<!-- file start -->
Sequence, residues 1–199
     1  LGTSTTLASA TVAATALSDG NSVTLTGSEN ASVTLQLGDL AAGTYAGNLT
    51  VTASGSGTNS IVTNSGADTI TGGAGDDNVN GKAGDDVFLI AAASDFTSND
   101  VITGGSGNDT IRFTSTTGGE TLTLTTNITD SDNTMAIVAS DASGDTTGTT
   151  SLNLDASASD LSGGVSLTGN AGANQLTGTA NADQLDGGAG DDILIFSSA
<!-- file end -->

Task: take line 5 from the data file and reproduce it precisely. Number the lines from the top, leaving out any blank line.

   151  SLNLDASASD LSGGVSLTGN AGANQLTGTA NADQLDGGAG DDILIFSSA